About Us - Leadership & Committees - Annual Report

About Us

Why a Rabbinic Genealogy Special Interest Group?

Because rabbinic ancestry is a major part of Jewish genealogy and because we see the need for the study of rabbinic ancestry to be represented on the JewishGen web site, we created a special interest group for rabbinic genealogy under the auspices of JewishGen.

Rabbinic genealogy transcends geographic areas, vast time periods in Jewish history, and designations as Ashkenazic or Sephardic. For most Ashkenazic Jews, surnames are a relatively recent invention -- less than 200 years old. Rabbinical families seem to have been the exception to this rule. The use and adoption of surnames for these families dates back to as early as the 15th century, if not earlier, thus preceding all other family names by about 350 years.

Examples of rabbinical surnames derived from place names are: Auerbach, Bachrach, Bloch, Broda, Ettinger, Fränkel (Fraenkel), Günzburg (Ginzburg), Halberstadt, Heilprin, Horowitz, Gordon, Katzenellenbogen, Landau, Lipschütz (Lipshuetz), Luria, Mintz, Muravchik, Rapoport, Rothenberg, Spira, and Treves. Examples of rabbinical surnames based on the Hebrew lexicon are: Ashkenazi, Heifetz, Jaffe, Margolioth, Shor, Teomim, and Zak. A number of these surnames evolved into many variations of the original.

Some prominent Ashkenazi rabbinical families were originally Sephardic, for example, the Epstein and Horowitz families. They appear to have assumed Ashkenazi customs when they left Spain in 1492 and settled in Eastern Europe. The Sepharadic SIG site lists many prominent Sephardic rabbis such as Don Isaac Abrabanel, Joseph Karo, Saadiah Gaon, Solomon Luria, and of course the RaMBaM: Rabbi Moses ben Maimon, the Maimonides.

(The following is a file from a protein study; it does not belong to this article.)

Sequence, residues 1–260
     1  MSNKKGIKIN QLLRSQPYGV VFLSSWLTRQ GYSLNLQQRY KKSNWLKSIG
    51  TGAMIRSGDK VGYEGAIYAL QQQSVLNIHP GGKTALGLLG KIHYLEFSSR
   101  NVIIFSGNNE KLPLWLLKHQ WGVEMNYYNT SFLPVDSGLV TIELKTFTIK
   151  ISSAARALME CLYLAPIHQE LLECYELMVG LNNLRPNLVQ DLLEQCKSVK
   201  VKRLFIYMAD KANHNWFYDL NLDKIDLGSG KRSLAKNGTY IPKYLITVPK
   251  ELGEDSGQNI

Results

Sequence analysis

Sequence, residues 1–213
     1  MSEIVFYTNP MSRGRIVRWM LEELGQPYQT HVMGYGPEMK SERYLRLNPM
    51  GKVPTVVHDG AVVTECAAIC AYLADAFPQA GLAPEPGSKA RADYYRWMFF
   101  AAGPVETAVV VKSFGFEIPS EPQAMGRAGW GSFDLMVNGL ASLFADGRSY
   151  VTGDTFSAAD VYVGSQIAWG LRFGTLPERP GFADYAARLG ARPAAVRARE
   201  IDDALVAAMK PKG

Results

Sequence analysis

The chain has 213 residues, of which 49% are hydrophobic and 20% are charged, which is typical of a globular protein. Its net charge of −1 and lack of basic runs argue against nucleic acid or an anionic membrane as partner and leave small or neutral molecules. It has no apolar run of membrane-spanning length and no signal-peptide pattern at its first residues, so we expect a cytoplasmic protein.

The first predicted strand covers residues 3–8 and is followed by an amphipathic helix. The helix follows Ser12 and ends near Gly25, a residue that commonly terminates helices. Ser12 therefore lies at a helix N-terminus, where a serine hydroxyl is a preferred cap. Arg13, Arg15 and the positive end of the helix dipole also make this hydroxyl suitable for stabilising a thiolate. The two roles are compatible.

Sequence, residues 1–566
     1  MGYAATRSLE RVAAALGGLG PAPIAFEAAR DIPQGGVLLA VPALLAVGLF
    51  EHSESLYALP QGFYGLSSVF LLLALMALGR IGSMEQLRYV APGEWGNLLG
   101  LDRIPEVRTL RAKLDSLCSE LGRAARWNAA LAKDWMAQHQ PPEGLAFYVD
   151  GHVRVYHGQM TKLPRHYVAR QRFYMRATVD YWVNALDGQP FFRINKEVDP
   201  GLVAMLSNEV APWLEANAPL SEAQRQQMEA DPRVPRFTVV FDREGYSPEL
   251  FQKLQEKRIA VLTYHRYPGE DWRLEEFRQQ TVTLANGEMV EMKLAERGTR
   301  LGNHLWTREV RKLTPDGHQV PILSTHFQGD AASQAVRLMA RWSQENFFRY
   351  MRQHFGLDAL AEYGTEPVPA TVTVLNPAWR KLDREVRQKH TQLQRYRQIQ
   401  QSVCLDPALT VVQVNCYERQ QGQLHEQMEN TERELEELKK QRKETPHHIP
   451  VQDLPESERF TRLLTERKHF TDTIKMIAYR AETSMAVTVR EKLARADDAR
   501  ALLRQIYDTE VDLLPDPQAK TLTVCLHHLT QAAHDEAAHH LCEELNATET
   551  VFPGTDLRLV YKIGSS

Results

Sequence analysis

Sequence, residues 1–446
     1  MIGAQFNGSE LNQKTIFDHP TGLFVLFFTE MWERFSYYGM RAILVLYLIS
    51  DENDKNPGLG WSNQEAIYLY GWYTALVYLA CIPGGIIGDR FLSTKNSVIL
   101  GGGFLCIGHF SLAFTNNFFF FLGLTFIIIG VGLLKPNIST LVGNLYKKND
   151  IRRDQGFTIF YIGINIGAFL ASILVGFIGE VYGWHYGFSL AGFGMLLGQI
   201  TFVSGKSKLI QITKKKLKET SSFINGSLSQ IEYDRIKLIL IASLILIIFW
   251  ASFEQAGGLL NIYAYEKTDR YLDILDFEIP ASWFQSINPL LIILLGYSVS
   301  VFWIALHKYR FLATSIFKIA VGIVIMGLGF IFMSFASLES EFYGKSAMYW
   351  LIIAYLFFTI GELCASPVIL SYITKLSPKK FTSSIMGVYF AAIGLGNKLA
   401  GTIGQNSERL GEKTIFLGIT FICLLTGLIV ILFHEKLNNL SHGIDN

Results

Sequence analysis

Many rabbinic families did not adopt surnames until more recently, however. Uniquely identifying these people is important, especially in rabbinic dynasties which can go back many generations, with the given name repeating as often as every third generation.

Some authorities estimate that perhaps as many as one in fifty Jews alive today have a rabbinic ancestry. Many may not be aware of such an ancestry, nor, if some awareness exists, how or where to locate resources to begin a search of this unique aspect of their Jewish ancestry. We believe that providing the means for researching one's rabbinic ancestry, whether for the novice or experienced researcher, is a great service to the JewishGen community.

The Steering Committee
Rabbinic Genealogy Special Interest Group


  Search tips

Revised: October 22, 2002 .
Rav-SIG site is hosted by JewishGen, Inc.
Questions or comments about this web site? Please contact the Webmaster.
Copyright © 2001, 2002 Rav-SIG. All rights reserved. No part of this web site may be reproduced in any form or by any means without written permission.